ASGM, Waste, and Trade Issues
Although the parties have agreed on some components of the treaty in regards to trade, artisanal and small-scale gold mining (ASGM), and waste, there are still several issues to be decided on these topics.
The threshold values of mercury producing facilities that must be identified and monitored within each national territory is still undecided. The higher the threshold, the fewer facilities that must bereported, and therefore potentially more mercury emissions that will be unaccounted for (but less need for monitoring resources). The lower the threshold, the more countries will have to spend on monitoring, but the more likely global mercury will be controlled.
On the issue of ASGM, the parties have not yet agreed as to whether the implementation of ASGM regulations will be contingent on the provision of financial and technical assistance.
In terms of waste monitoring, the parties have not yet decided about this convention’s relation to the Basel Convention. It is already agreed that the trade in waste will require written consent of the receiving nation. This is similar to the Basel Convention’s requirement for “prior informed consent.” However there are some parties to this mercury convention that are not parties to the Basel Convention. The INC5 negotiating parties have not decide whether nations that are not party to Basel Convention will have to comply with agreed upon transport controls, especially with respect to the informed consent and the take-back obligations of the Basel convention.
Technical Transfer and Funding Issues
Just as with any action, stopping mercury use has both desirable and undesirable consequences. Negotiating parties are trying to balance the desirable consequence (such as improved health for humans and animals) with the undesirable consequences. Some of the undesirable consequences include the loss of livelihood for those whose profession relates to mercury releases (people who work in the coal industry, miners, etc). Not reducing mercury emissions and not controlling mercury-containing products endangers the health of humans, animals, and ecosystems around the globe. Some of the people most impacted are those who work directly with mercury in conditions that lack safety precautions, such as workers in waste combustion sites and artisanal and small-scale gold miners. Finding other work for these often-impoverished workers is not as straightforward as its sounds. These workers are in a tough spot; they need work to be able to afford food and shelter, but their means of housing and feeding themselves and their families endangers their health.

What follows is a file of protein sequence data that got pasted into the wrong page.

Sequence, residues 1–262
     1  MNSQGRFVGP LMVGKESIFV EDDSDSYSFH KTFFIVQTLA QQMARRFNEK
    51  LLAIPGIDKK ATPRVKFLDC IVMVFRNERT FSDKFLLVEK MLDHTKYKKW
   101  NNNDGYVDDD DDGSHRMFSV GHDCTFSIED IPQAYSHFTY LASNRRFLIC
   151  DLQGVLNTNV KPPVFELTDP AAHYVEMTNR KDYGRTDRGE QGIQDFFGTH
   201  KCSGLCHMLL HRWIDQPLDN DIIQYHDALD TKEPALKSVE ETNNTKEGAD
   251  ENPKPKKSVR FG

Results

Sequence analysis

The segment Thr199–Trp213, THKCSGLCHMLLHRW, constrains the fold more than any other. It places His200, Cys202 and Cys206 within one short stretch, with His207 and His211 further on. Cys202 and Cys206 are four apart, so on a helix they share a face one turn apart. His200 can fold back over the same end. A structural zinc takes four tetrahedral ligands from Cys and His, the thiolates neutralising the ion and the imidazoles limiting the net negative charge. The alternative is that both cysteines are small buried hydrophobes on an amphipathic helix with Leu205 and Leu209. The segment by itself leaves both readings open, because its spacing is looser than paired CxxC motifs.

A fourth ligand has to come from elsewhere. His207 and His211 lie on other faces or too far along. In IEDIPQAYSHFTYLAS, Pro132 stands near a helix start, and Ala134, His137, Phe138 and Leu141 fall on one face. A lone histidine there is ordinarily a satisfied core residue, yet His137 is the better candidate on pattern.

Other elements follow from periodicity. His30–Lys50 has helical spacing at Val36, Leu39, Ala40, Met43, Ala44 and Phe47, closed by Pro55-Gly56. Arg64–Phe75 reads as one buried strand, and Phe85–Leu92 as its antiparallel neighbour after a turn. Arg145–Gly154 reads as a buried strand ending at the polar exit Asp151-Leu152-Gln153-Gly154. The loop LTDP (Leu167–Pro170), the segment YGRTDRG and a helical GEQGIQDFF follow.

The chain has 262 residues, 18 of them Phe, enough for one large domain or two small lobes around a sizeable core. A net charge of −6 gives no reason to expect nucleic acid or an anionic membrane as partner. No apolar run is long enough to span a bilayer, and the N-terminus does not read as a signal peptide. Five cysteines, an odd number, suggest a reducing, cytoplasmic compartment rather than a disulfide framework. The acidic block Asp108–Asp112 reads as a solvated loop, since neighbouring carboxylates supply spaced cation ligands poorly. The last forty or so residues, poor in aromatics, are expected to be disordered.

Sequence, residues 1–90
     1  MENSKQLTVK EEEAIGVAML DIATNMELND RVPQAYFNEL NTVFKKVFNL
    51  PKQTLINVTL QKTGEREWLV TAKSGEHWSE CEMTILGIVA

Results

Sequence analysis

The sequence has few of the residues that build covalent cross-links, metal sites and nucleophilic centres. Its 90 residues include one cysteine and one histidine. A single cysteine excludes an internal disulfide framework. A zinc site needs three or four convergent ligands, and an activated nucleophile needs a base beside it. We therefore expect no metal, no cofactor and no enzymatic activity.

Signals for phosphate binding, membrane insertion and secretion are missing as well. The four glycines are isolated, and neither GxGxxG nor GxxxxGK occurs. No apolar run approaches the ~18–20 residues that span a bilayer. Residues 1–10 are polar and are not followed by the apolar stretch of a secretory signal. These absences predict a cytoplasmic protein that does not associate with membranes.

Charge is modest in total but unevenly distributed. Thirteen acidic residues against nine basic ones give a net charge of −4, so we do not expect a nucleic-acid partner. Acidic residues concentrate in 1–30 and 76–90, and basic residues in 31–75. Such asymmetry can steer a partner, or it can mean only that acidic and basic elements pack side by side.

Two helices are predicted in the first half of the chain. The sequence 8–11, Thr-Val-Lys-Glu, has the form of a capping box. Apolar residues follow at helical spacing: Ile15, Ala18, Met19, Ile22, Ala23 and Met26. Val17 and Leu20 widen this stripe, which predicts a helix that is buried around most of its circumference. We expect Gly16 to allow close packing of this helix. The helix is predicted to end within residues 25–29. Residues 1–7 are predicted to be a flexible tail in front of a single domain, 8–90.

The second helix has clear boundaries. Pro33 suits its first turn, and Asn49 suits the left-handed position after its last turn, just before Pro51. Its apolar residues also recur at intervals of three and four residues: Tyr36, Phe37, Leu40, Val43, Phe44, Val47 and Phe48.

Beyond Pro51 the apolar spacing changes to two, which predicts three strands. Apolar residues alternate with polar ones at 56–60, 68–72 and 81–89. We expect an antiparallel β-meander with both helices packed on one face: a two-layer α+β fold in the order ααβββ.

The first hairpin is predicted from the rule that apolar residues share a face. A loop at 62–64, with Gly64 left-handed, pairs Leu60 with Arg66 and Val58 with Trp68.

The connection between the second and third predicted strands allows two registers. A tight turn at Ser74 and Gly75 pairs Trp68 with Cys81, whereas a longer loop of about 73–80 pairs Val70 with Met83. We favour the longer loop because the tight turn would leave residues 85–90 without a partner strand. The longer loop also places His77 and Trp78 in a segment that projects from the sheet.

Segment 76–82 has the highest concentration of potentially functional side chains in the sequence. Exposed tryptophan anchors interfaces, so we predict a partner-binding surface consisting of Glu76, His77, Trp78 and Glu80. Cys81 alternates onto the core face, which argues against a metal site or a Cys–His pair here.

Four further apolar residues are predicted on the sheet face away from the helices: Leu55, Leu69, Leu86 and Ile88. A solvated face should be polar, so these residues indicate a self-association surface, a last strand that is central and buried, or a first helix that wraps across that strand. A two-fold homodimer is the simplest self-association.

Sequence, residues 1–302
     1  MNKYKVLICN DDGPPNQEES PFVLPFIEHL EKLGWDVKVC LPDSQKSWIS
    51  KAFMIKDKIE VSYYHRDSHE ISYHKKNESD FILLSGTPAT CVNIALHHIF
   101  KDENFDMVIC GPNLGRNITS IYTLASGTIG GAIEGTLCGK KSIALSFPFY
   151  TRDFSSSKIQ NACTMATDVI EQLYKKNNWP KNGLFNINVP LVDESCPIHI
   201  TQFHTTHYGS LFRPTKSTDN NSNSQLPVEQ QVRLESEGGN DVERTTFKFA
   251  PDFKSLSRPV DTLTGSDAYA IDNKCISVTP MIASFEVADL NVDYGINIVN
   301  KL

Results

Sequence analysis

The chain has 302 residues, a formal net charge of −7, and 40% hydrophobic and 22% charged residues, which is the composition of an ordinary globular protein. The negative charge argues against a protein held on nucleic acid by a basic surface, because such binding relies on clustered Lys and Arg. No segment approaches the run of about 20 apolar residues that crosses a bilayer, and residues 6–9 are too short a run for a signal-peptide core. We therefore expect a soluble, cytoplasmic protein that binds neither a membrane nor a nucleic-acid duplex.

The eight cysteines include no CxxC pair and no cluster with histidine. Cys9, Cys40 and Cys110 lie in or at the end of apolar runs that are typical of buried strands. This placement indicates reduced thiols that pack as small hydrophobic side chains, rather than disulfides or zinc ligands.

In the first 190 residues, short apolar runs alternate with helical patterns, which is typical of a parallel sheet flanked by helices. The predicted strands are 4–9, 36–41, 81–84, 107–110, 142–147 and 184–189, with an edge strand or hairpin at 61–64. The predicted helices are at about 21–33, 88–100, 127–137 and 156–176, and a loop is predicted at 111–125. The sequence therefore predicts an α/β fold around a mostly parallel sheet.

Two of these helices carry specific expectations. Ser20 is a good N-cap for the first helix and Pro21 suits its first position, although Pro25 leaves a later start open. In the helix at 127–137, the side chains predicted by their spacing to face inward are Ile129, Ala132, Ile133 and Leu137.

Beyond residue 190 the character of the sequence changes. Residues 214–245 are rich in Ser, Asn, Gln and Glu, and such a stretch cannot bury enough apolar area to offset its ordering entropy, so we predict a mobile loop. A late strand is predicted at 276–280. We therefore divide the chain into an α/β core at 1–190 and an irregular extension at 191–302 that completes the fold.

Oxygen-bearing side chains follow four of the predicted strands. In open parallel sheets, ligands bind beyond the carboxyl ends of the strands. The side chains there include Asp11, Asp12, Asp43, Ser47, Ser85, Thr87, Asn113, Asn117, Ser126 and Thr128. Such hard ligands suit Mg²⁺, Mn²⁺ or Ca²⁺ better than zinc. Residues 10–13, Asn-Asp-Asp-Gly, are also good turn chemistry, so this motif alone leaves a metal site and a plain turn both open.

Therefore, the negotiating parties will discuss means to facilitate developing nations’ creation of alternative employment and utilization of technology to reduce mercury emissions. Building this capacity in developing nations requires resources. One contentious part of this convention is who provides these resources to the developing nations and in what form.
When specifically discussing technology for reducing mercury emissions, the parties are considering technical assistance and the transfer of technology and knowledge (see our Issue Overview blog on technical and financial assistance for more about this).
Technical assistance and the transfer of technology and knowledge have the potential to create jobs related to the control of mercury, which might be able to replace the jobs that contribute to its emission. However, these types of jobs potentially require different skills and training, which is a non-trivial consideration.
This balancing of cost of implementation requires a mechanism such as a fund. The parties have agreed that there should be a fund. However, they haven’t agreed on who will contribute to it and who will manage it. Related to the management question is the frequency of reviews and evaluations of the fund. A major question on this front is whether the fund should be administered by the Global Environment Facility (GEF).
Presently, there are two options on the table for technology transfer. The first is that developed nations will create a mechanism for the transfer of technology to the least developed countries and small island developing states. The second is that the treaty will explicitly state what technology should be transferred.
The assistance issue relates very strongly to the viability of the agreement. If the means for implementing regulations aren’t available, the treaty becomes only words—and many parties probably won’t sign it. Hence, the discussion around assistance will likely be a very interesting part of the coming week!
Watch our blog and follow us on twitter @MITMercury. We’ll be posting details on the discussions and negotiations about these undecided issues as they emerge!